Events and properties often underestimate the value of their logo. Protect and preserve its use only for top-tier sponsors. When you limit use, it upholds a logo’s value for sponsors who have inked a deal for rights.

  1. Fully execute contracts.

I often say, “A deal isn’t done until a contract is signed,” so get that contract inked by all parties and distribute copies. No benefits should be provided – seriously not one, until the contract is signed. I’ve made this mistake more than once and each time it did not work out for the property. Recently, we tried to track down a fully executed contract that everyone was sure existed and never found a fully executed agreement and there is a difference of opinion on the last agreement. This is a big problem that’s easy to avoid by having good systems.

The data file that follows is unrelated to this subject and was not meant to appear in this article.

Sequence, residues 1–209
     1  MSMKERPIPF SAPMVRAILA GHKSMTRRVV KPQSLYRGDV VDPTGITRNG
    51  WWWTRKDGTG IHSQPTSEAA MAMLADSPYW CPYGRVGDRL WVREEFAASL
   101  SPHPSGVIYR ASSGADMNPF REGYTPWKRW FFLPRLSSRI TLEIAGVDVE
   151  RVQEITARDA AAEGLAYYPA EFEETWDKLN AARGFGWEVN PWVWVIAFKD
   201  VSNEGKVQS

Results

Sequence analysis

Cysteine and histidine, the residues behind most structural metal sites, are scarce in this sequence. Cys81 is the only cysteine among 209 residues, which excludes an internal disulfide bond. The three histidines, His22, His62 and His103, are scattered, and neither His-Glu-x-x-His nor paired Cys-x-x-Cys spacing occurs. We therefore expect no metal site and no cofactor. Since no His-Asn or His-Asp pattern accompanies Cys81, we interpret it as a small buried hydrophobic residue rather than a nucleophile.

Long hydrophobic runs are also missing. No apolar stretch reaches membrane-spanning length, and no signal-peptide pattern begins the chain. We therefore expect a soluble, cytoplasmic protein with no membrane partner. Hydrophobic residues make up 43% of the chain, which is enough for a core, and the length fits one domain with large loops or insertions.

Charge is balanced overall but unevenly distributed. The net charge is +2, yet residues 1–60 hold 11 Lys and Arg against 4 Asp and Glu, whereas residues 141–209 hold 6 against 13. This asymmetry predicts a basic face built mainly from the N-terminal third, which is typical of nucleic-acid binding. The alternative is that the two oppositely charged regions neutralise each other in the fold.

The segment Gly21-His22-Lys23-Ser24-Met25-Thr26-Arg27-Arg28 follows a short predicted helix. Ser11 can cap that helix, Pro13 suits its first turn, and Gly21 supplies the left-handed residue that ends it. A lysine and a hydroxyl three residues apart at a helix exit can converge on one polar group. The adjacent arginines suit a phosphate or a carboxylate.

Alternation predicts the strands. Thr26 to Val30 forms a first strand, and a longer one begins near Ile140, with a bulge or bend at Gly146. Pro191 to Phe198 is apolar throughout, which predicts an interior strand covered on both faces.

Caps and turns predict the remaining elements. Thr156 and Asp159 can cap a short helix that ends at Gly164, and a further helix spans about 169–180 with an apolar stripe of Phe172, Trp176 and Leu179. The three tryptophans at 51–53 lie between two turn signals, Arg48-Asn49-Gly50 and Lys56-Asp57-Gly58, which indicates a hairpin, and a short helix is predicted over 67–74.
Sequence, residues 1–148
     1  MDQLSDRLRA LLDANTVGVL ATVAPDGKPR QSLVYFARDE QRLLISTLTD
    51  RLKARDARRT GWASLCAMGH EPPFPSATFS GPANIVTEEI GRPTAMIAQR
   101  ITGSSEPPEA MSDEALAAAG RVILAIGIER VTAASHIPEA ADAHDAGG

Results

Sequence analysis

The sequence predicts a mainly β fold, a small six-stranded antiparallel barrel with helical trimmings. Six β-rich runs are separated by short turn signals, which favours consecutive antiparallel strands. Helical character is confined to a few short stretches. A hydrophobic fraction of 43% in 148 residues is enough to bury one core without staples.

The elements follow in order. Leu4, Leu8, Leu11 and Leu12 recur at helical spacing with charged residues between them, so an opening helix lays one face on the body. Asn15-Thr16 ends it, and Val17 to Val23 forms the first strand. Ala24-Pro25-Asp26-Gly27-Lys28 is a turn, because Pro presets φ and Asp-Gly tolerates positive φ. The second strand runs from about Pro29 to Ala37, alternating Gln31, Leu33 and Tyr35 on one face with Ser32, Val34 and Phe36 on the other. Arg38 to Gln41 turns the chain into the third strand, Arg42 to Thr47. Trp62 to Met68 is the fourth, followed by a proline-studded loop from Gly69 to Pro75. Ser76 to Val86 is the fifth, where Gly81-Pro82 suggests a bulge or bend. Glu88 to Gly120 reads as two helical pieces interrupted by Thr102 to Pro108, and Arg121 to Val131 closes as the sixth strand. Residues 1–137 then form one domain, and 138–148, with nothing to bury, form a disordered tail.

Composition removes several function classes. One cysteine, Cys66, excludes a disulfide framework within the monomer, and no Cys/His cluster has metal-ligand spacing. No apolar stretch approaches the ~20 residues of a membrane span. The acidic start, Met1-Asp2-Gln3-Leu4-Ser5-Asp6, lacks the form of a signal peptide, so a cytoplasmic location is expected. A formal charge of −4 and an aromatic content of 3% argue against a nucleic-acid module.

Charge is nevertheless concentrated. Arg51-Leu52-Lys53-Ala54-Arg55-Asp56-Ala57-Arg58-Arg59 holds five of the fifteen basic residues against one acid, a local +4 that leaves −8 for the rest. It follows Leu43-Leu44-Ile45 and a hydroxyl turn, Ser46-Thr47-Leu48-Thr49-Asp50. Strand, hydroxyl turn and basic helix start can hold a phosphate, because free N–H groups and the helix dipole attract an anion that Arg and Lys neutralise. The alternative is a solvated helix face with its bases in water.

Click here to download a contract example, but be sure to have your legal counsel review.

Good luck with your negotiations!


About the Author

Paula Beadle is the CEO of Caravel Marketing, a national consulting company specializing in sponsorship marketing, and the founder of Sponsorship Mastery, an annual summit and programming dedicated to improving individual and organizational sponsorship performance. She is a results-driven trailblazer with a proven record of developing smart strategies and creatively connecting the right partners. Paula has helped iconic events and major brands achieve their goals through innovative sponsorship initiatives, generating incremental revenue and successfully coaching thriving teams, executives and boards.